Wednesday Wealth Recap
- The trend is your friend. But which trends can you trust? Alexander Green has the answer.
- The British stock market has had a rough couple of decades. But now that American tech stocks are slipping, it’s setting up to be a smart value play. And Nicholas Vardy has an easy way for American investors to play it.
- It wasn’t that long ago that Big Pharma and biotech were universally hated. But now that COVID-19 vaccines are rolling out, Chief Income Strategist Marc Lichtenfeld wonders whether people have had a change of heart over the villainized sector.
Last week, The Oxford Club hosted its 23rd Annual Investment U Conference in St. Petersburg, Florida.
Though things looked a little different this year, the conference was a success nonetheless.
Along with thousands of other virtual attendees, I experienced the conference via LIVEstream. And Whole Foods CEO John Mackey’s presentation on conscious capitalism caught my attention and wouldn’t let go.
See, I’ve considered starting my own business.
Outside of my day job, I’ve had some experience working as an independent contractor over the years. I taught small dance classes at a couple of local gyms. And eventually I started to get paid performance gigs.
When I first started to teach and perform professionally, I wanted to turn dance into a career. I considered opening my own studio and building a business.
I thought about the numbers and the logistics – paying rent for a studio space, printing class flyers, promoting my shows on social media pages.
I asked myself: How can I make money from this?
And while that’s an important question… I’ve since come to realize that I have a bigger and much more important question to answer: How can I create value for others?
Because that’s what business is all about.
From Profits to Purpose
As John explained in his presentation, profit is a necessary part of business. But that doesn’t mean profit is its reason for existing.
“The whole idea – I call it a myth – that the purpose of business is to maximize profits has done tremendous damage in a lot of ways,” John said. “We need to shift out of that.”
And the way to shift out of that is to put purpose first.
John explained that having a higher purpose is perhaps the most important aspect of conscious capitalism – the other three being stakeholder interdependence, conscious leadership and conscious culture.
In a conscious business, leaders unite their stakeholders around a single purpose. And all stakeholders matter in this pursuit – customers, employees, suppliers, investors and communities.
Happier employees make for happier customers. They all depend on one another.
As Alexander Green wrote, John’s approach reveals the “heroic” nature of capitalism:
John points out that business is good because it creates value. It is ethical because it is based on voluntary exchange. It is noble because it elevates our existence. And it is heroic because it lifts people out of poverty and creates prosperity.
In the midst of the pandemic, this conscious approach is resonating with a growing number of consumers.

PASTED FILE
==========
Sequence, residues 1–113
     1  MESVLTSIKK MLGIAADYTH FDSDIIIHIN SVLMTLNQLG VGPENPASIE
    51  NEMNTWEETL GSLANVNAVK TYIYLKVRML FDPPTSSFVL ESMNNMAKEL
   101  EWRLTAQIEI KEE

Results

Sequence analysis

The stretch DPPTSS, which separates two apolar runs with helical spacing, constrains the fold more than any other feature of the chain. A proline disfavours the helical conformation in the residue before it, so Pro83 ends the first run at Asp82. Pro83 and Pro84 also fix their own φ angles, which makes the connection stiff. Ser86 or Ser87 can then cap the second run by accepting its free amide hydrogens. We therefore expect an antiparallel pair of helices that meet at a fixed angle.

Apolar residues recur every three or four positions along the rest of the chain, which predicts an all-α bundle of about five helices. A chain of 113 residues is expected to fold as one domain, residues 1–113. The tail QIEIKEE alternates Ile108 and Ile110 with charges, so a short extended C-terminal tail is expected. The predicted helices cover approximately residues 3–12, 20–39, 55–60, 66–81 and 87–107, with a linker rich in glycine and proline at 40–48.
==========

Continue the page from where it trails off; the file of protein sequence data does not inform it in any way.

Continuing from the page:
A Changing Consumer
In June 2020, management consultancy firm Accenture surveyed more than 8,000 consumers in 20 markets around the world. And it discovered that customer behavior is drastically changing.
Some 82% of those surveyed reported making more sustainable purchases, and 83% are more health-conscious.
Overall, 60% reported making more environmentally friendly, sustainable or ethical purchases since the pandemic started. And 9 out of 10 said they’d likely continue doing so.
A study by research group Kantar also found that, since the coronavirus outbreak, sustainability has become a larger concern for consumers.
So running an ethical business is not only the right thing to do but also the profitable thing to do.
Conscious leadership is an essential part of this shift. Conscious leaders don’t maintain the status quo. They work to make the world better. They help people grow and evolve.
And they recognize that the company’s success does not come from any one person.
“You’re only as good as your team,” John said.
I kept all of this in mind when envisioning my own business. And then I heard one of the most impactful comments of John’s presentation.
We’re conditioned to frame problems and solutions as win-lose scenarios, John said. But it doesn’t have to be that way.
“If you can learn to think win-win-win, you will transform your life, you will transform your relationships with everybody that you have, and you will transform the businesses and organizations that you’re part of,” he said.
It only reinforced what Alex has been saying for months, especially since the start of the pandemic: We could all use a dose of rational optimism.
John acknowledged that there are bad actors in business, just as there are in politics and other parts of our culture. But ultimately, conscious capitalism is a force for good.
“Business is about the real lives of real people,” he said. “It is one of the most human things that we can do. And we just need to do it a lot more consciously than we’ve been doing it.”
P.S. What do you think about conscious capitalism? Do you keep sustainability, environmental impact or ethical standards in mind when spending money? Let us know in the comments section below.